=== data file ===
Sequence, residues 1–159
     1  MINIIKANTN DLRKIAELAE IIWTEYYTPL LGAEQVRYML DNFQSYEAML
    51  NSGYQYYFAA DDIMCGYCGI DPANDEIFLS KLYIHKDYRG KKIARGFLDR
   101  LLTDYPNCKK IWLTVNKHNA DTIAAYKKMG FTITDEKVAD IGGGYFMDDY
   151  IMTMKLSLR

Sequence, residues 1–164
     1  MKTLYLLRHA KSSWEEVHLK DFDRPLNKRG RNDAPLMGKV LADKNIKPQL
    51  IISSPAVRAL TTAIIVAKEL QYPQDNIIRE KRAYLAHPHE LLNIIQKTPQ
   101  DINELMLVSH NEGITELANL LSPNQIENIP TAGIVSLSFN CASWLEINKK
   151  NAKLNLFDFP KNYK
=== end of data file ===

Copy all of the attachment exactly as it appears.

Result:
Sequence, residues 1–159
     1  MINIIKANTN DLRKIAELAE IIWTEYYTPL LGAEQVRYML DNFQSYEAML
    51  NSGYQYYFAA DDIMCGYCGI DPANDEIFLS KLYIHKDYRG KKIARGFLDR
   101  LLTDYPNCKK IWLTVNKHNA DTIAAYKKMG FTITDEKVAD IGGGYFMDDY
   151  IMTMKLSLR

Sequence, residues 1–164
     1  MKTLYLLRHA KSSWEEVHLK DFDRPLNKRG RNDAPLMGKV LADKNIKPQL
    51  IISSPAVRAL TTAIIVAKEL QYPQDNIIRE KRAYLAHPHE LLNIIQKTPQ
   101  DINELMLVSH NEGITELANL LSPNQIENIP TAGIVSLSFN CASWLEINKK
   151  NAKLNLFDFP KNYK